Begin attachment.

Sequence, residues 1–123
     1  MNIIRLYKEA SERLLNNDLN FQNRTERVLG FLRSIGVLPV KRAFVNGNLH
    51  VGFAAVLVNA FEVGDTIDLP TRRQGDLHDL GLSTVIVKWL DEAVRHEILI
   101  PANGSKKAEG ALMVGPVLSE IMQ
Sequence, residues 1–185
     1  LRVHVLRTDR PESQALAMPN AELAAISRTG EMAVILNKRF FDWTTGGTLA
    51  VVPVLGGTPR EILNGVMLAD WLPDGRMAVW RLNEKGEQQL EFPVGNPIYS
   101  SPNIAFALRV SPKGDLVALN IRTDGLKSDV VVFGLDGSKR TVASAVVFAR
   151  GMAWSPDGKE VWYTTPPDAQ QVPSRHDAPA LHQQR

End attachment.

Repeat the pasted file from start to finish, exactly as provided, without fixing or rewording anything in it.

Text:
Sequence, residues 1–123
     1  MNIIRLYKEA SERLLNNDLN FQNRTERVLG FLRSIGVLPV KRAFVNGNLH
    51  VGFAAVLVNA FEVGDTIDLP TRRQGDLHDL GLSTVIVKWL DEAVRHEILI
   101  PANGSKKAEG ALMVGPVLSE IMQ
Sequence, residues 1–185
     1  LRVHVLRTDR PESQALAMPN AELAAISRTG EMAVILNKRF FDWTTGGTLA
    51  VVPVLGGTPR EILNGVMLAD WLPDGRMAVW RLNEKGEQQL EFPVGNPIYS
   101  SPNIAFALRV SPKGDLVALN IRTDGLKSDV VVFGLDGSKR TVASAVVFAR
   151  GMAWSPDGKE VWYTTPPDAQ QVPSRHDAPA LHQQR